Example:

Page Replacement Algorithm

(Use of a stack to record the most recent page references)

  1. LRU Approximation Page Replacement Algorithm

In this algorithm, Reference bits are associated with each entry in the page table. Initially, all bits are cleared (to 0) by the operating system. As a user process executes, the bit associated with each page referenced is set (to 1) by the hardware. After some time, we can determine which pages have been used and which have not been used by examining the reference bits.

This algorithm can be classified into different categories as follows:

  1. Additional-Reference-Bits Algorithm: It can keep an 8-bit(1 byte) for each page in a page table in memory. At regular intervals, a timer interrupts transfers control to the operating system. The operating system shifts the reference bit for each page into the high-order bit of its 8-bit, shifting the other bits right over 1-bit position, discarding the low-order bit. These 8 bits shift registers contain the history of page use for the last eight time periods.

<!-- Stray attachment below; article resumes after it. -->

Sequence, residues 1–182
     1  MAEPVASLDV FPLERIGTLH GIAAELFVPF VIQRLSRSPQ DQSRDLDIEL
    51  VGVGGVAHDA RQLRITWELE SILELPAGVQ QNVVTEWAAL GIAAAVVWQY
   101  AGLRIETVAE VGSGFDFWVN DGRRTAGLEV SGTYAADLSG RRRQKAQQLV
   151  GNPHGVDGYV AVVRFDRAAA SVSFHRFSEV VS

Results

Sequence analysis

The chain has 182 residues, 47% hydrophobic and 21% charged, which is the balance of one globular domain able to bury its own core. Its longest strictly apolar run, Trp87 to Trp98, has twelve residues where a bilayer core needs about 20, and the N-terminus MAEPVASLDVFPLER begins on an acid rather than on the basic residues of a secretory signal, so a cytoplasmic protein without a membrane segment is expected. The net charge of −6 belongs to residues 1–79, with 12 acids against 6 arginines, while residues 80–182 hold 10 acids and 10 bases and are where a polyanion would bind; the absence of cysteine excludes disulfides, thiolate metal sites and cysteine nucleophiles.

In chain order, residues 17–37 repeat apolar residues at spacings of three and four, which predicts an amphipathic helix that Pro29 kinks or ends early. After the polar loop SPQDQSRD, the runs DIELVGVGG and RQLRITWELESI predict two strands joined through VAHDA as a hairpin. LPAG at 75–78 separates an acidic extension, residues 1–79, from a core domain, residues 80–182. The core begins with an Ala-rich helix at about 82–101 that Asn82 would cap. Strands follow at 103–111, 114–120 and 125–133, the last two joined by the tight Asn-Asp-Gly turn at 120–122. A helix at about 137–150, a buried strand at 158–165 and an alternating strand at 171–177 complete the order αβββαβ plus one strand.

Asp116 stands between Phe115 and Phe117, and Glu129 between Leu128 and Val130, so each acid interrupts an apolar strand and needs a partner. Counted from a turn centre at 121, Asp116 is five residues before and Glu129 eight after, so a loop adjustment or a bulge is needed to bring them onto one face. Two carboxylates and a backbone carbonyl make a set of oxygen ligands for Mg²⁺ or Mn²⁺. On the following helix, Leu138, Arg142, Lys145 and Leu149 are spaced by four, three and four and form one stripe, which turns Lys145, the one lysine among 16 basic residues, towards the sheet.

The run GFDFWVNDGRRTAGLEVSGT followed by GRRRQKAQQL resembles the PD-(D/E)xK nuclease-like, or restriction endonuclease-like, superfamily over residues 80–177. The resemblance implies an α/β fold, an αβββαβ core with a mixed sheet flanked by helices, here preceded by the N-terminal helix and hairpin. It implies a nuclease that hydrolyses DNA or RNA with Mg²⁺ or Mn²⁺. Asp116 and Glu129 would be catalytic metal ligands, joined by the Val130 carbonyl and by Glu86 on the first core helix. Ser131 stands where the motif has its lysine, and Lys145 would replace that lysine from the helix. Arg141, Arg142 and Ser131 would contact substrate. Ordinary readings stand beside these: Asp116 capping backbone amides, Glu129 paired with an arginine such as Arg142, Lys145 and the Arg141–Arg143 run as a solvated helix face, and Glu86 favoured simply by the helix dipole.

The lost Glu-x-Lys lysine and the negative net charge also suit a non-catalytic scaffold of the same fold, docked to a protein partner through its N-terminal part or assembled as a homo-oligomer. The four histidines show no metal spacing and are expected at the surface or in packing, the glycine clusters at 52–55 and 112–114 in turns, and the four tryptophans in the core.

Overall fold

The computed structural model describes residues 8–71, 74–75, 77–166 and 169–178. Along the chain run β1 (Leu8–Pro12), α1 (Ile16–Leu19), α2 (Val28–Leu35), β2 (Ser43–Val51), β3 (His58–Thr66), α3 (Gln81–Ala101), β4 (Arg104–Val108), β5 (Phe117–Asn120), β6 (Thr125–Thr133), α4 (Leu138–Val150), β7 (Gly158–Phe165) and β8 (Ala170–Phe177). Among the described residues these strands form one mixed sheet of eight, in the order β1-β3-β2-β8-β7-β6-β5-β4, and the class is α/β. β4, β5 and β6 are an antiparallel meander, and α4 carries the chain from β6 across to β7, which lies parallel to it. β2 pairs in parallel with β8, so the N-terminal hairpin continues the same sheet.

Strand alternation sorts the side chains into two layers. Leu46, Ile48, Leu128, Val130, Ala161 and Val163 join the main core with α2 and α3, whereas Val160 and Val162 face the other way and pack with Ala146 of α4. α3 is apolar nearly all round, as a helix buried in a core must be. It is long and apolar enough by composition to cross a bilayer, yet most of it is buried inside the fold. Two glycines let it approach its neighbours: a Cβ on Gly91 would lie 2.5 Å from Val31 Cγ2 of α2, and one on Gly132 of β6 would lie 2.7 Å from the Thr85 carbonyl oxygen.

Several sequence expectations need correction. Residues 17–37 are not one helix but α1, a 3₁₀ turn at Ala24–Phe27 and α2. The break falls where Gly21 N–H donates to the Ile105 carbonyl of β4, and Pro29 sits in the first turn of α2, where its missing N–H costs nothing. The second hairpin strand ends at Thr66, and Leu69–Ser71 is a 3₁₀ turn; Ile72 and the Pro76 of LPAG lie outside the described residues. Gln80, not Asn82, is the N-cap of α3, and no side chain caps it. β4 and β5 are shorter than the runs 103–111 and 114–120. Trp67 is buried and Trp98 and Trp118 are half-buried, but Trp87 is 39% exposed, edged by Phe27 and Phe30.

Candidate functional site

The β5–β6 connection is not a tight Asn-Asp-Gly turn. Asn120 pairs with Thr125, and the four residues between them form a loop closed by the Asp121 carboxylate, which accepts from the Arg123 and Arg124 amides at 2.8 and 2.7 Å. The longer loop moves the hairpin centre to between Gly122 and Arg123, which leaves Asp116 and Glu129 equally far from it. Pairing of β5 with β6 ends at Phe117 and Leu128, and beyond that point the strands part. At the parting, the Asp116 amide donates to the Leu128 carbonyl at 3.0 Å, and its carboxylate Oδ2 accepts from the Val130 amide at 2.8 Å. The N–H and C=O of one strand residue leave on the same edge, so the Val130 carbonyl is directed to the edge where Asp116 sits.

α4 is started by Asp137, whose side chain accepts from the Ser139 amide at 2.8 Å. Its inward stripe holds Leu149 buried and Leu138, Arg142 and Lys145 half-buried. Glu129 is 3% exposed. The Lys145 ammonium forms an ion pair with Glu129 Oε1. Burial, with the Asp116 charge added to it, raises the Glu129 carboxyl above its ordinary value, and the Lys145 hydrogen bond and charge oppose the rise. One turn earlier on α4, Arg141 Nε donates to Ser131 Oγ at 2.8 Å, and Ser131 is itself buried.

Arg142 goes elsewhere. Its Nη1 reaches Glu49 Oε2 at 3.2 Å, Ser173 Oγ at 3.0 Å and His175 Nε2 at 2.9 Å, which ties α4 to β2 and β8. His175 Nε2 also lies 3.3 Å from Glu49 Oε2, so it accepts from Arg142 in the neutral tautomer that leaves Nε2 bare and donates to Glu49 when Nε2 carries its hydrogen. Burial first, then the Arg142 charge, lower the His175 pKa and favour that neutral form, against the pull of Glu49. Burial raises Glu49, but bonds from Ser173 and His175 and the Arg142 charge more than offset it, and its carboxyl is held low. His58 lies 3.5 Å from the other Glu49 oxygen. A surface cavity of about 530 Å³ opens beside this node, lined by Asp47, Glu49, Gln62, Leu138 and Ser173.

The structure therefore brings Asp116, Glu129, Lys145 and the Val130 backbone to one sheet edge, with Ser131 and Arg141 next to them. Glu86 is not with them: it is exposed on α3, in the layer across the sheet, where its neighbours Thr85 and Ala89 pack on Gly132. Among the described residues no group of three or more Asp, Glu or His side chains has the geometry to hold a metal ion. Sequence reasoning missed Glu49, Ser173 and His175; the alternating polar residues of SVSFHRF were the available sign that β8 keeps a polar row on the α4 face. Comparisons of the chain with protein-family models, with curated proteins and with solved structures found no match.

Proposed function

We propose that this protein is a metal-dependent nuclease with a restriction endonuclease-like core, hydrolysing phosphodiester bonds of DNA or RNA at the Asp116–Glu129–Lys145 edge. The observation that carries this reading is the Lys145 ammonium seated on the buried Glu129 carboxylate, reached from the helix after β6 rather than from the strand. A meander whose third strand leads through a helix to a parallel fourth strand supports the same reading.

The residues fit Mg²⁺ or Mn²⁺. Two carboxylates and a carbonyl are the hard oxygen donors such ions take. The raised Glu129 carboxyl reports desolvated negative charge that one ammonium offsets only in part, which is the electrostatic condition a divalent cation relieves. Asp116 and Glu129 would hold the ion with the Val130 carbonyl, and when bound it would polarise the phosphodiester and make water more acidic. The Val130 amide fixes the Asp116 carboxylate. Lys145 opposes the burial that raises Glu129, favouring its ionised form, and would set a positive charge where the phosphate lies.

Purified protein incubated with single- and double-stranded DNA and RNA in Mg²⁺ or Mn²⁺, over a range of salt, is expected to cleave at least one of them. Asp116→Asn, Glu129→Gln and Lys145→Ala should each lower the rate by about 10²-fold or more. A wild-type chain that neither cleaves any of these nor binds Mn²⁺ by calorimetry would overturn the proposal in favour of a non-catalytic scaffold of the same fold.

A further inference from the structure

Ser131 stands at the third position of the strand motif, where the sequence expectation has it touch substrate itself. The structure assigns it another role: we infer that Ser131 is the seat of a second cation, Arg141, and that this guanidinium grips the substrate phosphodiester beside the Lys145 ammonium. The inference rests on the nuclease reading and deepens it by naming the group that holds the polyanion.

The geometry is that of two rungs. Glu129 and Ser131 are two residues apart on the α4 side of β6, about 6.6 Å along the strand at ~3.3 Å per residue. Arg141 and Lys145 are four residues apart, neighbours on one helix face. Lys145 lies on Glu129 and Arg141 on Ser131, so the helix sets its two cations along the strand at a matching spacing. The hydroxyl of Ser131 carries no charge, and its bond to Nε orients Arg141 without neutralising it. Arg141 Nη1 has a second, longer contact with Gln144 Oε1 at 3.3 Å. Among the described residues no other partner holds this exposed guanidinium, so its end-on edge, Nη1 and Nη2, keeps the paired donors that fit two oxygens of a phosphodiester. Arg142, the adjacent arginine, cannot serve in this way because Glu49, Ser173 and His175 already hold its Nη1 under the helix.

If we interpret these 8-bits as unsigned integers, the page with the lowest number is the LRU page, and it can be replaced.

  1. Second-Chance Algorithm: The basic algorithm of second-chance replacement is a FIFO replacement algorithm. When a page has been selected, we inspect its reference bit. If the value is 0, we proceed to replace this page. If the reference bit is set to 1, we give that page a second chance and move on to select the next FIFO page. When a page gets a second chance, its reference bit is cleared and its arrival time is reset to the current time. Thus, a page that is given a second chance will not be replaced until all other pages are replaced.
  2. Counting-Based Page Replacement:-We could keep a counter of the number of references that have been made to each page, and develop the following two schemes.
  1. LFU page replacement algorithm: The least frequently used (LFU) page-replacement algorithm requires that the page with the smallest count be replaced. The reason for this selection is that an actively used page should have a large reference count.
  2. MFU page-replacement algorithm: The most frequently used (MFU) page replacement algorithm is based on the argument that the page with the largest count is replaced.